The Paris Library – a Spoiler-Free Review

Thank you to NetGalley for this ARC.

I believe I am the exact demographic for which this book was written.

I have a Masters in Library and Information Sciences – a degree I pursued simply due to my love of books – so technically, I am a “librarian”. I am a Canadian who spent 8 years dreaming of a literary life in Paris and who now moved here. I spend most of my time (pre-pandemic) lost in books or between book stacks all around the city. I love historical fiction, particularly books that have a touch of fact and take place during WWII. In addition, I am married to a Jewish Parisian man. So it’s safe to say my expectations for this book were quite high — and I’m sad to say that I was left disappointed.

Let me start by saying that I am, by no means, an easy reviewer
And there were two aspects of this book that caused it to immediately lose a star:
One: It’s not a book I would consider re-reading and therefore is not a five-star book, plain and simple (it’s my rule).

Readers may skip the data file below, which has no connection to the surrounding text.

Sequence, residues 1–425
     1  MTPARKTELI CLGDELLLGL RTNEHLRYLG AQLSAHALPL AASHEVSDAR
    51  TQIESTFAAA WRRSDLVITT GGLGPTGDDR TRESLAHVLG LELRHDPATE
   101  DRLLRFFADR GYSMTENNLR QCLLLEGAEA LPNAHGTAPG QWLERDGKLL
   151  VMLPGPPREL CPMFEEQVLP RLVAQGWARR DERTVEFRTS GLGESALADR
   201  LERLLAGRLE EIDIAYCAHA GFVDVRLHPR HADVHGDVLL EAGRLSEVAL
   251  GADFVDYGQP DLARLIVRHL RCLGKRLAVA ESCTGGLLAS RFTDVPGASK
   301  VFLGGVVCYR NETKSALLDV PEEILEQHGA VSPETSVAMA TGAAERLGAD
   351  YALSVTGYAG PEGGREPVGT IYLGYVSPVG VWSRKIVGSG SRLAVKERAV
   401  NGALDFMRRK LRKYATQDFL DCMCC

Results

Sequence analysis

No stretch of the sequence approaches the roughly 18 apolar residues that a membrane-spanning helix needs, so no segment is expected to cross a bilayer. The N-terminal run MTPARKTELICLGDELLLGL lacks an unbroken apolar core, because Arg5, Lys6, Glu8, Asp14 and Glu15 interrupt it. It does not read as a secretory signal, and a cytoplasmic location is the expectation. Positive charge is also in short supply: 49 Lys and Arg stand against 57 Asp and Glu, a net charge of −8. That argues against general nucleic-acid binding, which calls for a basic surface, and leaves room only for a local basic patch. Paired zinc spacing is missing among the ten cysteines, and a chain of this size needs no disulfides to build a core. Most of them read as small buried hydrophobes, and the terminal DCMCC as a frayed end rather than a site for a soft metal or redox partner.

Two: It’s a POV novel and I almost stopped reading entirely because I was so bored by Lily’s POV.

At about 10% of the book, it almost became a DNF because I was so completely bored by Lily’s storyline. Yes, Odile created a life in America and is shrouded in the ghosts of the past and mystery. But frankly, this new life of hers is a bore. And Lily is also terribly uninteresting. I only cared about Odile’s POV chapters. Every time it switched back to Lily I sighed and took a break from reading. Every time it was immersed in the life of Odile, I didn’t put the book down. Why are we supposed to care about Lily? I understand it’s a “life teaches you lessons/history repeats itself” situation but it could have been done without Lily’s chapters. She felt like filler. She adds nothing to Odile and Odile’s story.

That being said, another thing I did not understand is that Odile and Lily’s POV chapters were first-person and the random POV chapters that were slipped in throughout the novel switched to third-person. I understand it’s meant to be like a sneak-peek of a person looking in on that additional life, but it just made me want to skip the additional character chapters. It messed up the “flow” in my opinion. If you can’t tell, I really hate books with multiple POVs. Odile’s experience was full and complete and meaningful on its own.